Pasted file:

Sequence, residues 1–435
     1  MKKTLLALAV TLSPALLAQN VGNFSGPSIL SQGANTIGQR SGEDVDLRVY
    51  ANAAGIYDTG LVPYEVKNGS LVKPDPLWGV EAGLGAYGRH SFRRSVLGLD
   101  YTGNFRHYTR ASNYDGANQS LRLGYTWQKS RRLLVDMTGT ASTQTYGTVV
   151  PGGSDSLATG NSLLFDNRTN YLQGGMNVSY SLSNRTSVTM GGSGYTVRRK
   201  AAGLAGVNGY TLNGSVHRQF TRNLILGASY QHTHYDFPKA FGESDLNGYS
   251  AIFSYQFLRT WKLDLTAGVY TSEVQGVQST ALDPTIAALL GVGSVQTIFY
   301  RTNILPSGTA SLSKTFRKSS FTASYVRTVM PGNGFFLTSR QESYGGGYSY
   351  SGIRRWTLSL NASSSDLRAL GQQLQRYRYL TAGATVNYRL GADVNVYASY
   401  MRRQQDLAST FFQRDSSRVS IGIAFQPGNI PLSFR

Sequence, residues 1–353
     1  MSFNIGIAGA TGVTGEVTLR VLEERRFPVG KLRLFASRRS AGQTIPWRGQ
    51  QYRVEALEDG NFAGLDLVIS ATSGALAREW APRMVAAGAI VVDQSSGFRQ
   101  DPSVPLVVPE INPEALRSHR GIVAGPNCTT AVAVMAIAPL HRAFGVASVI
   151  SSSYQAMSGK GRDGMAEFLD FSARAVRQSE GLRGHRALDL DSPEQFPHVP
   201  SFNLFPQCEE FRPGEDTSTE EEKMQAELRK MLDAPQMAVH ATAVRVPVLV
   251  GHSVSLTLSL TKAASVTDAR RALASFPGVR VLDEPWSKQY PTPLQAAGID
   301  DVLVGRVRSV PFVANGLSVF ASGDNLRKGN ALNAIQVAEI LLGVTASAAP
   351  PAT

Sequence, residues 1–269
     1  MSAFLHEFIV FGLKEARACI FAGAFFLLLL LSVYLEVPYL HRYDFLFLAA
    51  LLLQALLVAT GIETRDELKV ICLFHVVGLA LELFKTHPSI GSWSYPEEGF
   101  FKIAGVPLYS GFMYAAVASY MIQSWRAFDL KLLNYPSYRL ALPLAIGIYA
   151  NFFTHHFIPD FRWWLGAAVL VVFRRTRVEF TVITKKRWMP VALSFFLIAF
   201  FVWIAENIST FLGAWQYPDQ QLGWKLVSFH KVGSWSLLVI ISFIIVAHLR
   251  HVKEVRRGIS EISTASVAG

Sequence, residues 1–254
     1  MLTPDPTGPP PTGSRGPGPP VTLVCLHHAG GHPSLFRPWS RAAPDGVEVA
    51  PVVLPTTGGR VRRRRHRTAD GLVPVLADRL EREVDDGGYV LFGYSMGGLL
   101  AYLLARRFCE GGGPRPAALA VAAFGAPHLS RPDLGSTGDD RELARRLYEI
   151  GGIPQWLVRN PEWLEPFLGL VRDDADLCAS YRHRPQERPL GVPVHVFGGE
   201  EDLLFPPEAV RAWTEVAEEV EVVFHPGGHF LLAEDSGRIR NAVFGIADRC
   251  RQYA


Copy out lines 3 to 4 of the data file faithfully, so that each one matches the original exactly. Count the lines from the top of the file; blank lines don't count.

    51  ANAAGIYDTG LVPYEVKNGS LVKPDPLWGV EAGLGAYGRH SFRRSVLGLD
   101  YTGNFRHYTR ASNYDGANQS LRLGYTWQKS RRLLVDMTGT ASTQTYGTVV